For the Duke. . .
Zero. That’s how many points Caleb Foster scored for the Blue Devils in the loss at Arizona, and in fact, that’s how many shots he took in 13 minutes on the court. Maybe a freshman wanking in his first real big game. All wobbles disappeared four days later, as he outscored Michigan State for 18 points, 16 in the second half.
“There will be times where you get pushed back, but the program I know from Duke, it’s all about how you respond,” coach Jon Scheyer said. “Every high school player in the country should follow what he did the last two games because that’s what it’s about, the attitude, the mindset, the work. He crushed it.
“I feel like I worked hard for this moment. It’s a moment I’ve dreamed of,” Foster said.
“Preparation is key and that showed today”
– NCAA March Madness (@MarchMadnessMBB) November 15, 2023
Duke is experienced, but only sort of. Led by Foster, 59 of the Blue Devils’ 75 points Tuesday were scored by freshmen or sophomores.
Another key feat was overtaking Michigan State. This could signal a growing physical presence for Duke, and the memory is fresh of the Blue Devils being completely manhandled by Tennessee last March in the NCAA tournament.
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So Duke lost to Arizona and beat Michigan State; For the first time in 24 years, the Blue Devils faced two ranked opponents in the first three games. But for a coach trying to get a quick idea of how his collection will fit together, nights like Tuesday are valuable.
“Let’s see where we are, I’ve learned more about this team in the first three games than maybe any other team I’ve played with,” Calipari said.
For the State of Michigan. . .
8 for 50. That’s Michigan State’s 3-point shooting in the first three games. And to say that Tuesday was an improvement. The Spartans were 2 for 31 after the first two games. They are 1-2 with a loss to James Madison on Tuesday, and until they start shooting better, there will be struggles.
Maybe it’s time to mention that Michigan State finished third in the country last season in 3-point percentage. Some of the main faces from that issue are gone, but Izzo is still sure he has a gang that can shoot straight because he watches them do it in practice.
“Finally, when you have wide open, wide open, wide open 3s. they had to go in and they didn’t. I’m not going to sit here and cry about this. We did a lot of good things tonight. We just didn’t make any shots,” Izzo said.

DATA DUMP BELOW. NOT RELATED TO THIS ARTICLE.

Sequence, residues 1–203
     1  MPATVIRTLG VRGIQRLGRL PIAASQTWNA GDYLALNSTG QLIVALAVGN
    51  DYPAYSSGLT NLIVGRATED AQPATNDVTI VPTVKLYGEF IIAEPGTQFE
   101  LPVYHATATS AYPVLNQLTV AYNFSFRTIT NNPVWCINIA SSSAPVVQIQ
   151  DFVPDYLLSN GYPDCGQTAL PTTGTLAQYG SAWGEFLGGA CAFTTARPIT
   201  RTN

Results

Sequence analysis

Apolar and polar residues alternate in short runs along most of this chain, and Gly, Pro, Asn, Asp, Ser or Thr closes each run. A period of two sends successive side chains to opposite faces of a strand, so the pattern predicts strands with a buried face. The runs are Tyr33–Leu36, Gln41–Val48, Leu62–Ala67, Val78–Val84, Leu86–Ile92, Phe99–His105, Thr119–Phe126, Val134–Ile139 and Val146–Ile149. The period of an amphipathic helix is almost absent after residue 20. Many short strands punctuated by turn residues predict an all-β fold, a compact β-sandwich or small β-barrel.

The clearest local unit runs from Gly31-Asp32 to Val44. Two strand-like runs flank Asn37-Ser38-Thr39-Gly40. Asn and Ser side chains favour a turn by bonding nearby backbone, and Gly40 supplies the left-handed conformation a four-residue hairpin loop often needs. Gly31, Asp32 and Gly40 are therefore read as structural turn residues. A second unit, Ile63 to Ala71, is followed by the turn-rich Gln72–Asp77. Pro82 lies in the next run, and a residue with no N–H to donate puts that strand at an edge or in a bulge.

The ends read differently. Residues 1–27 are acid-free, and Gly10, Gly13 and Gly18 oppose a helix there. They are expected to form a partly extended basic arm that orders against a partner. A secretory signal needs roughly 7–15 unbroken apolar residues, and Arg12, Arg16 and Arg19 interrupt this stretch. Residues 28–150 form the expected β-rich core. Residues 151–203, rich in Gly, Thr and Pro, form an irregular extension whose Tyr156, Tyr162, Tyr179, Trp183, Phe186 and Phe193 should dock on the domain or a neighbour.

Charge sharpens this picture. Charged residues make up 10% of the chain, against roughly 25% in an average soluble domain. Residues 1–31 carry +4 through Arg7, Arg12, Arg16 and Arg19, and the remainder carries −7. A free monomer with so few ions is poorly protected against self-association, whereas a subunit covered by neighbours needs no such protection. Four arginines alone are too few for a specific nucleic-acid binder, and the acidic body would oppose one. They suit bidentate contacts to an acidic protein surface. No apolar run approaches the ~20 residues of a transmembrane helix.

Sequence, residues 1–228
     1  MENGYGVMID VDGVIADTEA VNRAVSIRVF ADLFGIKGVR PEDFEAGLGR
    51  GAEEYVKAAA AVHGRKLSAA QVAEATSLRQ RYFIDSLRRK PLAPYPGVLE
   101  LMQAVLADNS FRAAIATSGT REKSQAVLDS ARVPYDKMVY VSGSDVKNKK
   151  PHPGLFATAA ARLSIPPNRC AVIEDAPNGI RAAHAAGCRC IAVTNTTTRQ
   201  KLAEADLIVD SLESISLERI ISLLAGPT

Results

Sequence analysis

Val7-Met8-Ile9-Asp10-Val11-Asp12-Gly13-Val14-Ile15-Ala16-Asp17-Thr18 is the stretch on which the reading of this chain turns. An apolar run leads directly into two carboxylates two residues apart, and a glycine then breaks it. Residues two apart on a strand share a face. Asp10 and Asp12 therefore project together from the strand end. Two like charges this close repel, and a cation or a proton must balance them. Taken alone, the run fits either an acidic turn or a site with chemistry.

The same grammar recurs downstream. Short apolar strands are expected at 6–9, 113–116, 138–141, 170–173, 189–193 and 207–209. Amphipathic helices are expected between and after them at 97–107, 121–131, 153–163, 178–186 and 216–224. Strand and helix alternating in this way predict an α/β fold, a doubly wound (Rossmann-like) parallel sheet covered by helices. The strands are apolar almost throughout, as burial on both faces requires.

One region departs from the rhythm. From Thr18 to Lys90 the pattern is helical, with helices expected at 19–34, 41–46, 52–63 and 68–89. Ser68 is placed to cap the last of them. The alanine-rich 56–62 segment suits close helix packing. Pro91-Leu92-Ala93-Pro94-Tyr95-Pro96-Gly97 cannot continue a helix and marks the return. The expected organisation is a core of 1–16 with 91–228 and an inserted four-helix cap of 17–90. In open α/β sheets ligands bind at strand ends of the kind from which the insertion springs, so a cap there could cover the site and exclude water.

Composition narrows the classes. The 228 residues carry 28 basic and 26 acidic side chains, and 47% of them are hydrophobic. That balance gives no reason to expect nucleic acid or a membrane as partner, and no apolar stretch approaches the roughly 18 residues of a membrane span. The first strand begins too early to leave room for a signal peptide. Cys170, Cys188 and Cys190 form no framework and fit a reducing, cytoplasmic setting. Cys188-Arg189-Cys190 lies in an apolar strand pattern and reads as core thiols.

“I think we have a really good team, I really do. We didn’t play very well. We are going to play well.
Right now, Tyson Walker is in dire need of help on the offensive end. He’s shooting 54 percent, the rest of the Spartans at 36.5. He has 27 of Michigan State’s 77 field goals for the season.
James Madison’s loss highlighted the 1-2 record and Izzo seemed a little annoyed by the apocalyptic questions he was receiving Tuesday night. “The world is not over. We made progress today on some points,” he said.
He’s big on accountability, so a comment in the locker room after the game comforted him. That comes from guard AJ Hoggard who had eight assists against Duke but also missed seven of eight shots, making him 5 of 26 for the season. “I love the fact that when we walked into the locker room and the first thing AJ said was, ‘If I don’t play better you should bench me, that’s ridiculous.’ You know what? These are positive signs,” Izzo said.
There has to be more, Michigan State plays Butler on Friday and the Bulldogs have won their first three games by 39, 35 and 34 points. Arizona is coming soon too.
“We have to get better,” Izzo said, “and get better fast.”
And finally, about Izzo’s record against Duke. It’s 3:14 p.m. Unfathomable, considering how good Michigan State is. Almost all of that was against Krzyzewski, with Tuesday his first chance against Scheyer, who was 11 when Izzo coached his first Final Four team in East Lansing.
“I don’t know why,” Scheyer said of the discrepancy. “I’m not about to take credit for every game Coach K won.”
The subject was addressed by Izzo during his press session. “They beat us because they were better and they beat us because they are better trained. I have no problem saying that,” he said. But he also mentioned that 17 meetings with a non-conference team show he hasn’t ducked the Blue Devils.
“I don’t have a good answer but I play them. And guess what? After I leave this damn place, I’m going to play them again,” Izzo said.
Additionally, he has won two of the previous four. “That’s probably a better record than most people have against Duke.”
Krzyzewski had texted Izzo to tell him he would miss playing Tuesday night, as they so often did. “He said something about me being a favorite and a good guy,” Izzo said. “I said, hell yeah, anyone I beat as much as you beat me would be my favorite too.”‘
Oh, the fun these four teams have together. They will meet again next year in Atlanta. Of course, they wouldn’t mind doing it in April in Arizona.